Kilt Trip: A unique collaboration between Scotland and India
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Kilt Trip: A unique collaboration between Scotland and India

Check out a storytelling and music session that incorporates original tales from both countries, and weaves in personal narrative.

mumbai Updated: Mar 24, 2018 15:24 IST
Madhusree Ghosh
Madhusree Ghosh
Hindustan Times
The four artistes, Mohammad Muneem Nazir, Daniel Allison, Eilidh Firth and Sheena Khalid, conceptualised the show during a two-week residency.
  • WHEN: March 24 and 25, 8 pm
  • WHERE: G5A Foundation for Contemporary Culture, Mahalaxmi
  • Cost: Rs 250

Four artists from India, Mohammad Muneem Nazir and Sheena Khalid, and Daniel Allison and Eilidh Firth from Scotland, are collaborating on a story-telling and music session in the city, a culmination of the two week residency that brought together unique aspects of both countries.

The show is called A New Conversation: Where I Stand. It incorporates traditional and original stories from India and Scotland, theatrical and musical performances, and the performers still somehow weave in personal narratives of mythical and ancestral and contemporary homes.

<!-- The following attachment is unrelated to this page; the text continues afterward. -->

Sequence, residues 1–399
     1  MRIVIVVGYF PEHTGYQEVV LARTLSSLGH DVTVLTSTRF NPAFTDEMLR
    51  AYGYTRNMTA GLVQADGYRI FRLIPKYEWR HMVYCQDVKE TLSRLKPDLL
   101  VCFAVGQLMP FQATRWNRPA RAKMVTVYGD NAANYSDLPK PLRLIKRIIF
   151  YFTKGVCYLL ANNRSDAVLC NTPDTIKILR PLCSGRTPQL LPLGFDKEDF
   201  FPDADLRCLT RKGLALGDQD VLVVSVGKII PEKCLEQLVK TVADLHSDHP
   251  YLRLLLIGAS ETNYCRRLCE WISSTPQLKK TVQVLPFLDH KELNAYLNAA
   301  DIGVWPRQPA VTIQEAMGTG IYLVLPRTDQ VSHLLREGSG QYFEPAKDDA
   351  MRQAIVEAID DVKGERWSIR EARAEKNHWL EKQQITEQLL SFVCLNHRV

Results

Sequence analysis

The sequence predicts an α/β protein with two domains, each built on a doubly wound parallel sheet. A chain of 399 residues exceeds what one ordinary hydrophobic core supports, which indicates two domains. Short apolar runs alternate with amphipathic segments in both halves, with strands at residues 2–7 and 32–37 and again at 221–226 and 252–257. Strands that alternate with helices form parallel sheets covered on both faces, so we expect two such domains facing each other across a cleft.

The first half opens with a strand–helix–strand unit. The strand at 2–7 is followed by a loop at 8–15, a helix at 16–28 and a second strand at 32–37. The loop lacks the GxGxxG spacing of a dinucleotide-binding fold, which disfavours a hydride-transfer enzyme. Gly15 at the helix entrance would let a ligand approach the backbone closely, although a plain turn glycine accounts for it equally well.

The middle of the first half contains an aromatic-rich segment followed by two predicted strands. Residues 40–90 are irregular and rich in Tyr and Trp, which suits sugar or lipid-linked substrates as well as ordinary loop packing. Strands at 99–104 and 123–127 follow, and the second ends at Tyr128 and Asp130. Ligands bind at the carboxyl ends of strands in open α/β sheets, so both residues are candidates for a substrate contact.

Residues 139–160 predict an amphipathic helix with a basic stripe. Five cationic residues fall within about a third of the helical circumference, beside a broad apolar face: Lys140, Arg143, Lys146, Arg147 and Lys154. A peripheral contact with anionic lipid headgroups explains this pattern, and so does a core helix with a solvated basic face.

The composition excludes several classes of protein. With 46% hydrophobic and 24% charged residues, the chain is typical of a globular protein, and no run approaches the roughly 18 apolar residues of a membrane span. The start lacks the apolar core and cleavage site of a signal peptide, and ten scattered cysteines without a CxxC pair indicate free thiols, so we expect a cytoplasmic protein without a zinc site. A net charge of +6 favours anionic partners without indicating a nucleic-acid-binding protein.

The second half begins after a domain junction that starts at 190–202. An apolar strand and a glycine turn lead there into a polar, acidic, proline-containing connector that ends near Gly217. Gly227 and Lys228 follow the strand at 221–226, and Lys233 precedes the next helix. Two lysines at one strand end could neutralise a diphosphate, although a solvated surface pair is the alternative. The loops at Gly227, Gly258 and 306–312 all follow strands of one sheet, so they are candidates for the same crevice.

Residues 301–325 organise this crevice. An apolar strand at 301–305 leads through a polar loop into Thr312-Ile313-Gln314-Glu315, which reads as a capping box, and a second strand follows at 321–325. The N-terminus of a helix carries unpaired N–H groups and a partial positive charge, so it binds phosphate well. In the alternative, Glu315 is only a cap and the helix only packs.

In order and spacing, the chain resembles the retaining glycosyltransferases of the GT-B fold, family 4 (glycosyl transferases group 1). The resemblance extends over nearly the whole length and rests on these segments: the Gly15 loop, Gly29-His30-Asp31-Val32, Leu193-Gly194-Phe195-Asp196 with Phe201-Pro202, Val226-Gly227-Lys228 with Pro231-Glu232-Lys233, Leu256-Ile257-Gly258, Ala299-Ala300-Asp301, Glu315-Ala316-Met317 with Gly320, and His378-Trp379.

“When we met for the residency, we had no idea what the show is going to be,” says Khalid, 29. “We started with a blank slate but soon realised that our different backgrounds gave us the material for weaving stories and conceptualising a show. So as one of the storytellers, I will be talking about how mills and factories in both the cities have transformed with the economic and cultural changes, while Nazeer will share memories of his growing up years in Kashmir through music and verse.”

Allison, 35, who is also a storyteller, plans to narrate myths and legends from Scotland, Ireland and Scandinavia and how they reflect contemporary India.

“For example, there is a classic Scottish legend about the warrior-poet Ossian who was invited to leave Scotland and live in another world where everything was perfect. He went but eventually found himself longing for this world, its strangeness. Nazir and I have created a piece which sets this story against his own story of leaving Kashmir but being pulled to go back and live and share his music there,” he says.

For Firth, 28, the residency was a way to break out of the comfort zone of mainly musical performance and composition. “I play traditional Scottish music on the fiddle (violin) for the performance. I’ll also be taking part in some of the storytelling aspects of the performance - a new experience for me,” she says.

The show, a collaboration between the G5A Foundation for Contemporary Culture (G5A) in Mumbai and the Scottish Storytelling Centre (SSC) in Edinburgh, is supported by the by the British Council, The Scottish Government and Creative Scotland, the public body that supports the arts, screen and creative industries across Scotland.

First Published: Mar 23, 2018 17:57 IST